On average, most women experience menopause at age 51. If you have missed your period for more than 12 consecutive months and other causes can be eliminated, you may have entered menopause.

Signs of menopause can begin six or more years before your final menstrual period. When these signs begin, you enter into a phase referred to as perimenopause. Perimenopausal changes are brought on by changing levels in the hormones estrogen and progesterone. During this transition time, estrogen levels gradually decline, but they do so in an erratic manner – often fluctuating between high levels found during reproductive years and low levels associated with post-menopause.

You may notice these changes in the time leading up to menopause:

  • Hot flashes
  • Irregular periods
  • Trouble sleeping
  • Vaginal and urinary problems:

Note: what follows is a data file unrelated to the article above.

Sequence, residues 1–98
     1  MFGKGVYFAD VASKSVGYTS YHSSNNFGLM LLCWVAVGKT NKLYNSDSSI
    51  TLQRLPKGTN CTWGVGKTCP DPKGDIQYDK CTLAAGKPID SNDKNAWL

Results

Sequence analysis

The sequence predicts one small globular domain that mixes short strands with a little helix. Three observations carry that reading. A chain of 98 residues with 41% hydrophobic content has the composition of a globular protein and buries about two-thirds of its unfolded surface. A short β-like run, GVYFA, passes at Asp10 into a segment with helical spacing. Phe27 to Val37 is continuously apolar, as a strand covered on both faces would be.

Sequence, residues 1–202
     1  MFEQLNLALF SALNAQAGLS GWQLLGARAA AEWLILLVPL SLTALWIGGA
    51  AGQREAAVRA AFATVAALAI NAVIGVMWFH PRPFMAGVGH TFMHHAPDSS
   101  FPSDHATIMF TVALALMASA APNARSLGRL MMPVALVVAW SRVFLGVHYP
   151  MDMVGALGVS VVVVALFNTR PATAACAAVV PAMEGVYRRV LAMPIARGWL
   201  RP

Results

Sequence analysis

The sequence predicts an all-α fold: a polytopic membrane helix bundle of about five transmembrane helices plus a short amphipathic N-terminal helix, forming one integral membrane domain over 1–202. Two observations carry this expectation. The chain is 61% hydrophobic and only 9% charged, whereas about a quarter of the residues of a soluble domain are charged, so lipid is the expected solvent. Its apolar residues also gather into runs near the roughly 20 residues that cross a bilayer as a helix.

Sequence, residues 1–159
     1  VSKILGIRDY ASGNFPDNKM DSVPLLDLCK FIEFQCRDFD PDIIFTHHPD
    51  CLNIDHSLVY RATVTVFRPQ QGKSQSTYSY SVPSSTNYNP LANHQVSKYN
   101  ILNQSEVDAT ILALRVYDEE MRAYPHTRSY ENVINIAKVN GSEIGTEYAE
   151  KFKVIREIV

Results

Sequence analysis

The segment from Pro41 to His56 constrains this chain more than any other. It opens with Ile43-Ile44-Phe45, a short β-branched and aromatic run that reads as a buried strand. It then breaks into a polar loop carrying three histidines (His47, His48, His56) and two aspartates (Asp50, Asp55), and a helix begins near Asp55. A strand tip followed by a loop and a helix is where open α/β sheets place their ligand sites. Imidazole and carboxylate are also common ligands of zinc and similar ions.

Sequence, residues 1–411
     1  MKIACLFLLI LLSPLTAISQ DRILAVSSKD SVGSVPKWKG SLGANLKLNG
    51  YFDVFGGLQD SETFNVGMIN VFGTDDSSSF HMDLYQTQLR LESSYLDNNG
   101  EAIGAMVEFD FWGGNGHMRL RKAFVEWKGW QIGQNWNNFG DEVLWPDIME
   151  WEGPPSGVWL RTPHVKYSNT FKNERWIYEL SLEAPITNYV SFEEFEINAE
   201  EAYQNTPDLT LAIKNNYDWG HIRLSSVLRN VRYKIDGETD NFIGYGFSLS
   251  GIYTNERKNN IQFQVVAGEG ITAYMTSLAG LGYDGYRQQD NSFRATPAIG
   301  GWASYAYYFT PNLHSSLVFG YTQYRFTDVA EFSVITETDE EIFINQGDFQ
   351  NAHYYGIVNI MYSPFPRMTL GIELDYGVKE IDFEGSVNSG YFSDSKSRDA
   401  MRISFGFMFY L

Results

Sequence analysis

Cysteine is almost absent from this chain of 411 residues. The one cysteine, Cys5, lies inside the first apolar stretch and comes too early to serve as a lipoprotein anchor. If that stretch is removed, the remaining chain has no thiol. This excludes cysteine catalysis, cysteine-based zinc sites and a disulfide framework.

• Drier and thinner vaginal tissue (making sex uncomfortable)
    • Frequent infections
    • Incontinence
  • Changing feelings about sex:
    • Less interested in sex
    • More comfortable with your sexuality
  • Mood swings

At Women’s Care Group we know this time during your life is not one to be simply “managed.” While management of symptoms, irregular mood swings and body changes is important, it’s also a time for you to be confident in your options and the care you receive. The physicians of Women’s Care Group take the time to talk with you about your symptoms, your worries or concerns, and how you can make this life-changing event a positive one. As part of our efforts to make this transition as easy as possible, we offer providers who are certified by The North American Menopause Society. Call for a consultation today.

Dexa Bone Density Scanning

Women over age 65 or any woman with osteoporosis risk factors should have a bone density test. The dexa scan is the most commonly used and most accurate scanning device for bone density. The “dual energy x-ray absorptiometry”
scan precisely documents small changes in your bone mass and allows us to examine the spine, hip or your entire body in only one, two or four minutes respectively.  It’s less expensive than other tests, exposes the patient to less radiation and is more sensitive and accurate at measuring subtle changes over time or in response to therapy.